Ready festival tie-ins include the San Antonio Cocktail Conference, Fiesta, Culinaria Food & Wine Festival and celebrating 10 years in 2019, Hernandez’s Paella Challenge fundraising event.
“Our destination services team works with planners to incorporate San Antonio’s culinary heritage into receptions and off-site events,” Matej added.
That heritage has inspired the visionary reimagining of the city’s original settlement, La Villita (“little town”).
Hernandez and local chef-partners Steve McHugh (Cured) and Elizabeth Johnson (Pharm Table) are each contributing a restaurant interpreting San Antonio’s confluent cultures.
Hernandez is mapping the Mesoamerican route of the Maya; McHugh will trace his Alsatian roots, following San Antonio’s German-French connection; and Johnson explores the region’s Spanish origins at Acequia. Also featuring an outdoor teaching kitchen, this landmark development represents the definitive “taste of place.”
Requiring careful archeological site work, the $11 million project is scheduled for completion by 2020.
Meanwhile at La Villita, groups can experience a private scaled-down version of the beloved Night in Old San Antonio (NIOSA) Fiesta tradition. Other unique engagements include interactive classes at the San Antonio Botanical Garden’s new outdoor demonstration kitchen; buyouts of Alamo Beer Company’s Brew Hall; and customized dine-arounds in the Pearl, Downtown and Southtown neighborhoods.
St. Louis Influences the Big City Dining Scene
Synonymous with the Gotham dining scene since opening Union Square Cafe in 1985, Danny Meyer seems the archetypal New Yorker. By 2006, when he penned his groundbreaking business book “Setting The Table,” Meyer had opened 11 restaurants.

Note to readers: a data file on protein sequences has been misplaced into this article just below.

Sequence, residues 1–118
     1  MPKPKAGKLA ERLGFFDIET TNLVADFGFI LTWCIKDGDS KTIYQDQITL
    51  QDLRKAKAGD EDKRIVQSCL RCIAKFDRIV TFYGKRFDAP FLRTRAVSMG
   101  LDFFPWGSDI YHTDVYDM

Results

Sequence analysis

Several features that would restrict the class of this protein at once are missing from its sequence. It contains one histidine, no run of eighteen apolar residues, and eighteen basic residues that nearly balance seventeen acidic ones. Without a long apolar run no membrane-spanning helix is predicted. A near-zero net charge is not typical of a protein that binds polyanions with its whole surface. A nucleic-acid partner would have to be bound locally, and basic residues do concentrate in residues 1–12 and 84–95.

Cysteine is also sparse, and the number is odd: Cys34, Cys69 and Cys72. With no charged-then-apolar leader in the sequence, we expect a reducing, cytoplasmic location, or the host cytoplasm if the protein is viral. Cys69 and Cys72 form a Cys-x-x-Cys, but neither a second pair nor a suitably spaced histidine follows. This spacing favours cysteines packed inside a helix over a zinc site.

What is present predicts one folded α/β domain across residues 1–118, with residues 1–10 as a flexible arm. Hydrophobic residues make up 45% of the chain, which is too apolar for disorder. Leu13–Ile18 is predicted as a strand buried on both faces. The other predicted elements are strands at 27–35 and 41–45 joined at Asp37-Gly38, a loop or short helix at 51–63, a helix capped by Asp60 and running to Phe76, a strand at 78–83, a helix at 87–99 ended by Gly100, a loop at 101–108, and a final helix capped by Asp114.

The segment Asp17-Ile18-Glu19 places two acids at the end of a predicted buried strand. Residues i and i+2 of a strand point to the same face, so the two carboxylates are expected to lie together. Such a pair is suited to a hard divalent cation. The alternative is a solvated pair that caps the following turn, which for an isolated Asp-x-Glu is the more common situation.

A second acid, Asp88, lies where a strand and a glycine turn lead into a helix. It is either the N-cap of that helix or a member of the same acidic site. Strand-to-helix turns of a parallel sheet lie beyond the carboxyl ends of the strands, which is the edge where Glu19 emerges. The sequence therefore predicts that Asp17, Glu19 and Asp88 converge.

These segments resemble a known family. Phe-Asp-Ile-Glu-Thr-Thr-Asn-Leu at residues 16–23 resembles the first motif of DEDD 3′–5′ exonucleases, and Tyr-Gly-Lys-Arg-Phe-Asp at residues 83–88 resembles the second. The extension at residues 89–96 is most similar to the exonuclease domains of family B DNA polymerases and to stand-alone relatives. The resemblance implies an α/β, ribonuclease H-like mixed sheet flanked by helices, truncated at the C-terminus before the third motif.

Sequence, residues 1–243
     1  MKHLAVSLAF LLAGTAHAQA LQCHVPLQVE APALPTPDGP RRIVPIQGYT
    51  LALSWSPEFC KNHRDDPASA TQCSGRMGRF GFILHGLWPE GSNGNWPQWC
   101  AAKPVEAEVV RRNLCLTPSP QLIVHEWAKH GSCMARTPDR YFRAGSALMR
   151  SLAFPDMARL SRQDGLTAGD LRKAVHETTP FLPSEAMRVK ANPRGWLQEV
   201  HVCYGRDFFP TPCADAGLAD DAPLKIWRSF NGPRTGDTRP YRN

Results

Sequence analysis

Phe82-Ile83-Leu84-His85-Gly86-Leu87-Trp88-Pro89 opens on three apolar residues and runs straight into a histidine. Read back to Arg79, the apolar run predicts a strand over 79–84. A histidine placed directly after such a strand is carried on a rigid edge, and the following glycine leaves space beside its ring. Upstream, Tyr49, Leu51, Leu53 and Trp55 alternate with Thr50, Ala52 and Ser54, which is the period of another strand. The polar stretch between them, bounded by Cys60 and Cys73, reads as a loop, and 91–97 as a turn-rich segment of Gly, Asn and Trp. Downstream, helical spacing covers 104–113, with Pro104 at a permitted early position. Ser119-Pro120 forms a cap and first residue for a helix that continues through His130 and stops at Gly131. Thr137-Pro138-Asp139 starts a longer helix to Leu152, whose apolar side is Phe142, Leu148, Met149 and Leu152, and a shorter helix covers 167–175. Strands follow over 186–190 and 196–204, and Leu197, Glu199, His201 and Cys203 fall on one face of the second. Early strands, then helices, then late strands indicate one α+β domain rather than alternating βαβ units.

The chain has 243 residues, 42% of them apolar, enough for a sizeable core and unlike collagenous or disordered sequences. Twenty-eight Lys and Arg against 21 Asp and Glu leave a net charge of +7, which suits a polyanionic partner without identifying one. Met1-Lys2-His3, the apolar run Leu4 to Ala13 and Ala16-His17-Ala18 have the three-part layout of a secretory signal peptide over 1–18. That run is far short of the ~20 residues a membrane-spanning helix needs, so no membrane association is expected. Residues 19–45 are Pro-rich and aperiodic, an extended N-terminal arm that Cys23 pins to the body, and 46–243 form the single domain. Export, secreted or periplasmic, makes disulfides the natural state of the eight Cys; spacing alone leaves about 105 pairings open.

Today, his Union Square Hospitality Group (USHG) collection includes his famed Michelin-starred Gramercy Tavern and two-Michelin starred The Modern at New York’s Museum of Modern Art.
USHG also provides large-scale event services. Meyer, of course, also founded runaway sensation Shake Shack, which originated as a hot dog cart in Union Square.
Only he’s not from New York, but St. Louis. Raised to embrace food and hospitality, this soft-spoken restaurateur, renowned for putting people first, stays true to his roots.
At an Explore St. Louis tasting and discussion in April 2018 at his North End restaurant in lower Manhattan, Meyer spoke of his hometown’s emergence as a culinary destination.
“It was sparked by pride in what grows in Missouri and around St. Louis,” Meyer said. “Then came this generation of entrepreneurial chefs and restaurateurs.
“Now every time I go back to St. Louis there’s five new places I have to try,” he added. “Not to be nice, but because I need to learn from what St. Louis can give us from a culinary standpoint.”